The Witching Hour

October is one of my favourite times of year. The air and the leaves are crispy, the smell of bonfires is wafting in the air and time to break out the snuggly coat. It is beautiful in Lancaster at this time of year. When it’s not raining, at least. 

Oh, and Halloween. 

Of course. 

I love Halloween. I love the cheap decorations that appear in the shops and the chilling, thrilling atmosphere. I love the darkness and the feel of something lurking just around the corner. 


Click here to read my ghost story ‘Cenwick Priory’

As I’m due another fortnightly #FlashForFriday this week, I think it’s only right I do something suitably spooky. In the meantime, if you’re craving ghostiness do check out my ghost story Cenwick Priory

I am currently on the second read-through of my Project-With-A-Deadline and that is taking up a lot of my time, but it would be great to get another short ghost story written, as well as the flash fic, to celebrate this brilliant time of year. 

Watch this space, if you dare! Mwahaha! 

This month rolling round with its mist, dark nights and mystery also got me to thinking about the concept of the witching hour. It’s a concept that’s always intrigued me: 

The idea of the Witching Hour came about because our bodies aren’t really designed to get our sleep in one go. In the wild you would snatch sleep when and where you could. We’re programmed to sleep for two four-hour chunks a day, give or take. It means most people will wake up at least once a night. Most people these days will turn over and go back to sleep without another thought, but in the day when the reason for this was unknown, it became known as ‘The Witching Hour’.

This provoked to all sorts of weird and wonderful explanations for this dead hour you wake up for no reason and stare into the dark. 

It has also occured to me that this concept can be applied to writing. When you are working on a piece that you enjoy the fervour and passion at the beginning can be unstoppable. You progress in leaps and bounds, the ideas are flowing, you’re living and breathing the narrative and counting every minute you have to spend apart from it.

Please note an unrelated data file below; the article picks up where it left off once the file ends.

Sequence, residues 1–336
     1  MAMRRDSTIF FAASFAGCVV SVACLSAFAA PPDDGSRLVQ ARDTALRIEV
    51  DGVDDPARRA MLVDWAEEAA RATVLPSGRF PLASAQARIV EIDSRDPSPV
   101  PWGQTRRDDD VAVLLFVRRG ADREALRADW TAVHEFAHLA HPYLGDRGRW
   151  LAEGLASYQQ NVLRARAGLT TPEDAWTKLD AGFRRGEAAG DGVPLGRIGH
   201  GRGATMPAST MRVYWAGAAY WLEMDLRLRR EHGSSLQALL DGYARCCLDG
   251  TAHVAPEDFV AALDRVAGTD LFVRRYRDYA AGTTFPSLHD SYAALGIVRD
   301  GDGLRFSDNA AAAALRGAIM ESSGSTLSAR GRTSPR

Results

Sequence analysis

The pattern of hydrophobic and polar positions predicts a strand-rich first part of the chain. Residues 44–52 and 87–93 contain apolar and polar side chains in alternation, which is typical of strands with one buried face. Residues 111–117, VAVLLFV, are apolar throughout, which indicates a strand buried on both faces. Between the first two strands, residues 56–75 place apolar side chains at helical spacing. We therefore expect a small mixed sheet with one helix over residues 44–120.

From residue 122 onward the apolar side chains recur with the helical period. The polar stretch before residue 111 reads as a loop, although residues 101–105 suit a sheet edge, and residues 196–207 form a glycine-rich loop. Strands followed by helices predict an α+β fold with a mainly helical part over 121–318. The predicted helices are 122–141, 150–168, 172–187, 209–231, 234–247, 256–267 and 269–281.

And then one day you sit down to carry on and…nothing. Zip. Nada. The feeling has evaporated, like it was never there. It’s…unsettling. 

If you’ve planned your narrative already you might continue doggedly on, hoping it will turn out ok by the end, but the ‘thing’ that fired you has gone. 

Don’t panic. It’s the Witching Hour in writing form. In most cases the work is not a lost cause. You just need a break. You need to go back to the original thing that inspired you (movie, place, idea?), or try something completely different. Put the draft away for a week or a month, read a new book, watch a new movie, go away somewhere.

Listen to lots and lots of music and then one day you’ll turn round and it’ll be there again. You’ll re-establish the determination you thought you’d lost or you might even have an entirely different direction in which to take your piece. 

Of course, if you’ve left it for months and can’t seem to slip back into the process, it might be worth shelving it for an indeterminable time or scrapping it all together. 

It hurts, but it happens. And there may be something else clamouring to get out which is why you got derailed. UNLEASH THE BEAST.

And do not despair. Most of the time there’s a reason the passion ran dry and it’s nothing sinister. Your brain just thought it was time to switch gears. 

Give your work your love and your patience. And don’t be spooked. 



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2 Responses to The Witching Hour

  1. What a great metaphor for that most frustrating time in the writing of a novel! And great advice too. It’s important not to let the frustration knock you off course.

    Why do I have goosebumps up and down the back of my neck now?!

    • jcollyer says:

      OoooooOOOOOooooOOOoooooooo 😀

      And thanks muchly! You are correct: it can make you feel very lost but you cannot force anything either. I have found you simply cannot finish a project you are not enjoying. Best to take a break, turn over and wait to drift back into it naturally 🙂

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